How do I apply for more than one stormwater utility credit?

Each voluntary credit action requires its own Stormwater Voluntary Credit Application. Multiple credits cannot be applied for on the same application. Get started with your application here.

How do I monitor the status of my voluntary credit application?

You can set up an account on our online service request platform. An account is not required to submit a voluntary credit application; however, it is highly recommended. With an account, you will receive updates on the status of your application, edit your submission if additional information is required, and receive the determination letter(s) related to your submission. If you have an account, you can go to “My Service Requests” to view your service request submission and the progress. See how to set up an account using our step-by-step instructions.

If I have a mandatory stormwater facility and I submitted my inspection report, do I get an automatic credit?

Can the utility be used to "reward" or incentivize private property owners to plant trees or take action to reduce runoff from the property?

A credit program is required for any jurisdiction that creates a Stormwater Utility in Virginia.  The credit program is a way to say "thank you" for doing certain environmentally friendly activities, such as installing a permeable driveways, rain gardens, planting trees, native plantings, etc.  Because the total amount of the stormwater fee is relatively low for most property owners compared to the costs of stormwater projects, the credit has a relatively long return on investment.  

Since the Stormwater Utility credits reduce the amount of fees collected which funds the program, Stormwater Utility credits are usually a relatively modest reduction for individual properties (typically credit programs comprise under 1% of utility fee revenues).  If stormwater credits were increased, that could result in an increase to Stormwater Utility fees so the appropriate amount of revenue is still generated to sufficiently fund debt service, all programs and projects.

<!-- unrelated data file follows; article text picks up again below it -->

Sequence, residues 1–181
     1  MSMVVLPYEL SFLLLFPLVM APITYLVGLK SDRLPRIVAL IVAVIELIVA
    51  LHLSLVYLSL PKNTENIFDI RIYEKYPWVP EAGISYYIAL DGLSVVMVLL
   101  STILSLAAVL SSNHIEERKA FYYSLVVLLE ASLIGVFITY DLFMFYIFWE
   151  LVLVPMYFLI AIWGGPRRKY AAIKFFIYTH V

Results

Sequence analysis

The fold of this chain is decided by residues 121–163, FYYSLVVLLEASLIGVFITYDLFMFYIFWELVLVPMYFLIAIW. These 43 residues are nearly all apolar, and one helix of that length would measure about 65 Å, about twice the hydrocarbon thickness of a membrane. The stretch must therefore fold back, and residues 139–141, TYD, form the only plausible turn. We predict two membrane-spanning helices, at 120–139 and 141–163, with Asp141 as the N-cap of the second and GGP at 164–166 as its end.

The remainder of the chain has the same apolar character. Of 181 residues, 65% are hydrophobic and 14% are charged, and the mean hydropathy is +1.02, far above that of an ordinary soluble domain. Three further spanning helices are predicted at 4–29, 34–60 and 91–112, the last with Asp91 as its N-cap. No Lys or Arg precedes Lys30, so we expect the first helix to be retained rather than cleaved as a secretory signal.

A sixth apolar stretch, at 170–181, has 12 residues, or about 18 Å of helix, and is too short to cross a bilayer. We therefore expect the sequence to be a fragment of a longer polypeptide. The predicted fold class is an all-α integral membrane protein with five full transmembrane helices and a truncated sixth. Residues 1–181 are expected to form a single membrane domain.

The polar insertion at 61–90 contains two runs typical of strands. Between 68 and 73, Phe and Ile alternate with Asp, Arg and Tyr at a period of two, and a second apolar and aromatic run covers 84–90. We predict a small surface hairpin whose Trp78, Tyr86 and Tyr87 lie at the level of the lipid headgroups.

Are there credits for existing trees or native plant landscaping?

Credits are available for new tree planting or new native plant landscaping. The credit activities were selected to try to manage the complexity and administration of the credit program. Providing credits for existing trees and native plant landscaping would be more complex as property owners may not have documentation from before the credit program was developed. In addition, issues such as plant species or condition of the native landscaping or trees might need to be taken into account. There could also be many people potentially claiming these credits, which could affect the overall rate for the utility. The credit program was developed as part of an extensive engagement process for the stormwater utility and included benchmarking with credit programs for other jurisdictions' stormwater utilities.

Credit Program Volunteer Events FAQs

Do I have to volunteer 30 hours during one event?

No, you may spread the 30 hours across multiple events. Be sure to document the event details, including location, date, and hours spent, using the stormwater utility volunteer form. Additionally, you must provide photographs.